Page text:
Workers —

Called, Yet Cut Off

Davron’s story of service and struggle.

A new partnership has opened doors into Central Asia where graduates from a theological training school called UDG are going to share Christ, often with people with no knowledge of the gospel. Davron is one graduate serving in Central Asia, and below he shares the challenges of ministry in this part of the world:


“I grew up in Tashkent, Uzbekistan. My mother became a Christian, but my father continued in the Muslim faith.

After coming to faith myself in 2015, I got baptised before joining a discipleship programme here in Uzbekistan. During that time, God showed me that he would use me to start a church.

At the time, I had poor theology and thought of a church only as a building. My focus was on working in business, and I applied to the business programme at UDG, AsiaLink’s partner university. However, the course was full and I opted to study mission instead.

In my first year at UDG, I understood more about my calling and the meaning of the church as God’s people, not a building. I also learned about other countries and cultures and wanted to apply this broader perspective back at home.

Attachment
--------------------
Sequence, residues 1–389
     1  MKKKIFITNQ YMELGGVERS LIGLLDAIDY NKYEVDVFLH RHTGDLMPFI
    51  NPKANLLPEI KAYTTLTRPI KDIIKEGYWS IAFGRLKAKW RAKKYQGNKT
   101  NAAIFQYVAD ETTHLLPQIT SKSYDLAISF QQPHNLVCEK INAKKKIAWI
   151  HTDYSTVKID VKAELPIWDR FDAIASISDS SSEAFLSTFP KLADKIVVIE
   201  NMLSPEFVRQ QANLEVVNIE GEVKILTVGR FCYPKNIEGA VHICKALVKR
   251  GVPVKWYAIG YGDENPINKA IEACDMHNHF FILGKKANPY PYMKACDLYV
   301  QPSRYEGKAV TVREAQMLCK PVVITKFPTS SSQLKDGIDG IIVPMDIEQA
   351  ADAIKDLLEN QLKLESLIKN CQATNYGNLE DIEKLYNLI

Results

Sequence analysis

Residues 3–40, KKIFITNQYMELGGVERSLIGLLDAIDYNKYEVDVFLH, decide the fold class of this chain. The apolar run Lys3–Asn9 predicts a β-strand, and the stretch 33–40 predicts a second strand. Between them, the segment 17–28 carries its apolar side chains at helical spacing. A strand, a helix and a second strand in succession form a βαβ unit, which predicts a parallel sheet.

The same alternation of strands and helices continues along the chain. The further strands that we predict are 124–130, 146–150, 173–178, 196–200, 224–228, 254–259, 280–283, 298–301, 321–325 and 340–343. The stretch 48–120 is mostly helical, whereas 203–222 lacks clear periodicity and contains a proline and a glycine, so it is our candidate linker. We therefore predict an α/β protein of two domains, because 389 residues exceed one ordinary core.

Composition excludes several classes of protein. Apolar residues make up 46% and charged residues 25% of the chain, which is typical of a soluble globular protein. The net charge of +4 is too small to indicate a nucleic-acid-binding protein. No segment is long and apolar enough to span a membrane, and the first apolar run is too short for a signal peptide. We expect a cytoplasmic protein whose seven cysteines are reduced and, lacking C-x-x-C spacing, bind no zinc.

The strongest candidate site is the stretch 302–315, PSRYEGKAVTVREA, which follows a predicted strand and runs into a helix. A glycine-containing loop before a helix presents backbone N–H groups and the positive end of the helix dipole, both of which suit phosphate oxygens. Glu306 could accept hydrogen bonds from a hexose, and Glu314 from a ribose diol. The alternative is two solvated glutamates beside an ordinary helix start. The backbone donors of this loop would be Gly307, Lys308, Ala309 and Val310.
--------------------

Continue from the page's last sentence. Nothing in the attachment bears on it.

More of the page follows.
I had a hard time when I graduated and went home. My father would still not accept my faith in Christ and his addiction to alcohol led to abuse. He eventually said ‘You are no longer my son’. I continued to tell my father I loved him, and after 18 months he finally relented having seen a difference in my life.

Problems also occurred within the church. The elders asked for my opinion on their leadership, and I explained that I saw a need for a full–time pastor. For this opinion, I was ex–communicated from the fellowship. 

However, when they saw the fruitfulness of a youth ministry in which I began to serve, they eventually relented and asked how I might like to serve in the church. Now, I am one of the four main preachers. I also have an active ministry in another city.

I feel greatly blessed by the fellowship I have had with other UDG graduates in Central Asia through those difficult times.”

You can support students and graduates of UDG today through our UDG (Central Asia) fund.

Support UDG today

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